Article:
500 and counting

Wed 21 Sep 2016

Milestones are curious things in cricket. Round numbers — such as fifty, the century, ten-wicket hauls and career runs in multiples of 1000 allow a measure of achievement in a sport. They also offer a moment’s pause to reflect. As India prepares for its 500th Test — a milestone 84 years in the making — it seems apposite to assess its legacy in the game’s classical form. It is also germane to consider the future, given the fear in some quarters that the shorter versions will cannibalise Test cricket. There was certainly nothing in the early years to suggest India would become the economic superpower it is today. Although the great Wally Hammond said new-ball bowler Amar Singh “came off the pitch like the crack of doom” in India’s first-ever Test, against England at Lord’s in 1932, success proved elusive. While there were moments of individual brilliance — Vijay Hazare’s twin hundreds against Ray Lindwall and Keith Miller at Adelaide in 1948, perhaps the most memorable of them — it wasn’t until 1952 that India won a Test.

M.A.K. Pataudi first pursued the idea of a vibrant, united team in the 1960s, and bequeathed it to Ajit Wadekar. The coming together of E.A.S. Prasanna, B.S. Chandrasekhar, Bishan Bedi, and S. Venkataraghavan — spinners the cricket world remains in awe of — and the arrival of the indomitable Sunil Gavaskar not long after, formed the nucleus of the side that beat West Indies and England away in 1971. With the emergence of Kapil Dev — a world-class, all-round match-winner — there was more for other countries to be wary of. But it wasn’t until after the turn of the millennium that India became consistently successful, home and away. The rivalry against Australia, birthed in 2001 at Eden Gardens, was transformative. In Sachin Tendulkar, Rahul Dravid, Anil Kumble, V.V.S. Laxman, Virender Sehwag, Sourav Ganguly and Zaheer Khan, India had a Golden Generation. M.S. Dhoni was the first of a new era of players to break through from smaller, less traditional cricket centres, and for a period India was the world’s best team.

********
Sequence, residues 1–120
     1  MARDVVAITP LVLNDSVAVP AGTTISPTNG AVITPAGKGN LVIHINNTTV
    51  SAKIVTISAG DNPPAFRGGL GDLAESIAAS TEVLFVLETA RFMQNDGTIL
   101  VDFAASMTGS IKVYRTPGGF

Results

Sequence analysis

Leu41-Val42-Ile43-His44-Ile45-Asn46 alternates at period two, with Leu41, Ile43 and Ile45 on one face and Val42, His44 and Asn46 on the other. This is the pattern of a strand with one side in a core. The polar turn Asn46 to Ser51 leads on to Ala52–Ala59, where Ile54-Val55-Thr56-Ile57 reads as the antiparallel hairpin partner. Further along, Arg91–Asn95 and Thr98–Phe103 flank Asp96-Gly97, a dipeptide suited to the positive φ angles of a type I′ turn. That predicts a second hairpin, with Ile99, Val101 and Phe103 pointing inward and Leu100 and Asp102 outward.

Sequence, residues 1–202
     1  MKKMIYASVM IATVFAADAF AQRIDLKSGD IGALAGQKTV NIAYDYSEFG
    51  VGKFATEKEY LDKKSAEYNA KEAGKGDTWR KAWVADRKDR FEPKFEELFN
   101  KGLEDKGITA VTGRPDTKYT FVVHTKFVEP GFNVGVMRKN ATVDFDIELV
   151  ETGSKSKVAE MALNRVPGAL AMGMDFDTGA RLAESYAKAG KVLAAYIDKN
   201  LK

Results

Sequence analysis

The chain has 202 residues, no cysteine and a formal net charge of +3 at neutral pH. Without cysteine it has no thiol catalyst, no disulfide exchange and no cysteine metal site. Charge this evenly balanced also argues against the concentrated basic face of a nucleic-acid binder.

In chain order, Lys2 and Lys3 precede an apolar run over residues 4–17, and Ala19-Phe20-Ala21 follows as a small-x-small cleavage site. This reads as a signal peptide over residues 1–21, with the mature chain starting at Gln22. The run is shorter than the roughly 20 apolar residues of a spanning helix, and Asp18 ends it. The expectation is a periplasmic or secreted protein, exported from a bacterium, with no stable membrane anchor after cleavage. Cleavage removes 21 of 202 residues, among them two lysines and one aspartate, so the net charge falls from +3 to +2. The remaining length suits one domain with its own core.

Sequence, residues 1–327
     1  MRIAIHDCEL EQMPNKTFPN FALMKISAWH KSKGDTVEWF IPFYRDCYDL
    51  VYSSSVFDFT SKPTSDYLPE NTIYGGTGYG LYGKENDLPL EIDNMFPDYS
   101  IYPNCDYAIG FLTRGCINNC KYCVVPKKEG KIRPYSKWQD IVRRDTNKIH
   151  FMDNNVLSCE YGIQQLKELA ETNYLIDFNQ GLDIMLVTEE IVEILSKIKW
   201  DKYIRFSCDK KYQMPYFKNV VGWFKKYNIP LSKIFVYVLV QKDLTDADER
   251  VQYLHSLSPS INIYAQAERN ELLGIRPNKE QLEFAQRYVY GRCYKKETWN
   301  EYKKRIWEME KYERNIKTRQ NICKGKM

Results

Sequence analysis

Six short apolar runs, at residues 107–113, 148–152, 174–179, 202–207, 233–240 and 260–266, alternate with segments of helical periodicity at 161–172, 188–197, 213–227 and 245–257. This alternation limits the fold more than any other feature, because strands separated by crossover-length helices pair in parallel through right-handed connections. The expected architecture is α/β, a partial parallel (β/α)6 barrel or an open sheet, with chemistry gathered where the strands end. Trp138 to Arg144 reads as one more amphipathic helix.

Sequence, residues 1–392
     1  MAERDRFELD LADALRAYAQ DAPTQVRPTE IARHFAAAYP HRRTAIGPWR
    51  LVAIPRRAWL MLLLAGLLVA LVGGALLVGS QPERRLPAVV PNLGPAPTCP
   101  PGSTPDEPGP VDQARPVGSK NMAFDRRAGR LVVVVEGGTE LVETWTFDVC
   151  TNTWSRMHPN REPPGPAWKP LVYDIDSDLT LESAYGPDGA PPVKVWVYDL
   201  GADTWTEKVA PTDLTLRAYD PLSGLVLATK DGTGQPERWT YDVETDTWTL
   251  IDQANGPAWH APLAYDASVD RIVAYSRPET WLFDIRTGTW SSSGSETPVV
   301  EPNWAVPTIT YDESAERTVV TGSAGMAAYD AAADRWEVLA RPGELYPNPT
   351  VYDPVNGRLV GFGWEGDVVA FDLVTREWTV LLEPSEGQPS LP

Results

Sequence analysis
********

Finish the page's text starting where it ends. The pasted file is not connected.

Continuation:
That crown slipped subsequently, but matters have seldom appeared as encouraging as they do now. At the helm are two men with an empathy for bowlers: Virat Kohli’s declaration last year that bowlers were the bosses in Test cricket was momentous for a culture obsessed with batsmen; and few know more about bowling teams to victory than Kumble. As West Indies and Australia, the only two nations to have put out truly dominant teams, have shown, a lot falls into place when the bowlers are looked after. If the Board of Control for Cricket in India continues being supportive — and it must be commended for laying out a 13-Test home season — the foundation for the next 500 will be suitably robust.


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